Well yeah that’s truly representative of a psychological issue. Maybe something like a sociopath, no regard for the pain and suffering you may be causing others in the long run. And as a friend I would definitely say something. Though, I don’t know if this person, “my friend,” would receive it when she’s using bogus excuses like “it just feels better” for having diseased, unprotected sex. It’s a sad case.
I would remind my friend that this type of behavior is not only dangerous to the people she’s knowingly infecting. It’s dangerous to her as well. I’d remind her of the man who killed a woman with HIV shortly after they’d slept together and she revealed her status. Though he never should have killed her, I, and several of MadameNoire’s readers, understood why he would be motivated to commit such a heinous crime. She was literally playing with his life.
As a friend it would be your duty to at least attempt to save her from a similiar fate. And if she refused to listen this, she wouldn’t be a friend I could associate with anymore. I couldn’t rationalize being friends with someone with such disregard for human life. Especially the lives of men she cares enough about to sleep with. If she would do that to someone she was willing to sleep with, God only knows what type of deplorable treatment she would show me as just a friend. It really isn’t that much of a stretch. People rarely reserve mistreatment for certain people in their circle. It’s more of an ubiquitous type of behavior.
And if my friend decided not to listen to me and continued sleeping with others, raw and diseased, legally I could go to the authorities and tell them what she is and isn’t saying before she beds these men. But maybe that would be taking it a bit too far.
What do you think about this situation? Could you remain friends with someone who was living so foul, endangering others? How would address the situation with your friend and what would you do if he or she decided not to change their ways?
Every 47 minutes, a woman will be diagnosed with HIV in the United States. That’s why MadameNoire is supporting The Red Pump Project’s efforts to change that statistic for the better.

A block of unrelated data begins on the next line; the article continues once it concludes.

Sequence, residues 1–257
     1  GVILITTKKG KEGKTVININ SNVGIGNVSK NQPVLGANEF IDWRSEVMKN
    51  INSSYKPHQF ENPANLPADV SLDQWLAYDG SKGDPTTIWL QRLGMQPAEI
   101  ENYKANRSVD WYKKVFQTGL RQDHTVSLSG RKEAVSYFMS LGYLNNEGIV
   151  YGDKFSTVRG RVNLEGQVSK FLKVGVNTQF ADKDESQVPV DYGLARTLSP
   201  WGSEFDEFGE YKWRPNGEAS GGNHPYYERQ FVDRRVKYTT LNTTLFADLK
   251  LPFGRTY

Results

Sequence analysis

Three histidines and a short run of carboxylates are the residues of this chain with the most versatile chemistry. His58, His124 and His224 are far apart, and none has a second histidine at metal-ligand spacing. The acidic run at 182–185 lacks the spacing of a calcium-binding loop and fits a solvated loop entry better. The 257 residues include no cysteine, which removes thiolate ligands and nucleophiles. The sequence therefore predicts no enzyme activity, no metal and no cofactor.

Today, March 10, is National Women & Girls HIV/AIDS Awareness Day and in honor of this important day, we’re encouraging you to #RockTheRedPump. Rocking the red pump is about more than putting on your favorite pair of red heels — or sneakers — it’s about calling attention to an epidemic that is sweeping through our community and reminding people that they aren’t invisible. Sometimes seeing activity from a movement like this is all someone needs to remember to practice safe sex or to get tested or bring up the topic with their partner, or eventheir children. That’s all we and The Red Pump Project are asking you to do today.
We’ve already tweeted about it, instagramed it, and announced it here in this post. Now it’s time for you to take it from here. Take a pic in your favorite red pumps and tweet it to us @MadameNoire and @RedPumpProj with the hashtag #RockTheRedPump and we’ll retweet it so we all can do more to inspire someone to care more about their sexual health today.
Today as we observe National Women and Girls HIV/AIDS Awareness Day, let us consider the statistics surrounding women and the disease.
According to the Center for Disease Control and Prevention, women make up 24 percent of HIV diagnoses among adults in America. The risks are even greater for African-American women—with one in every 32 women being diagnosed with HIV in their lifetime. Statistics further state that 85 percent of African-American women with HIV received it through high-risk sex.
ESSENCE.com caught up with NWGHAAD ambassador Cookie Johnson, wife of famed basketball player Magic Johnson, to find out how she is helping spread the message of awareness through social media and how women can keep themselves safe.
On how she’s working to get word out that women should be tested: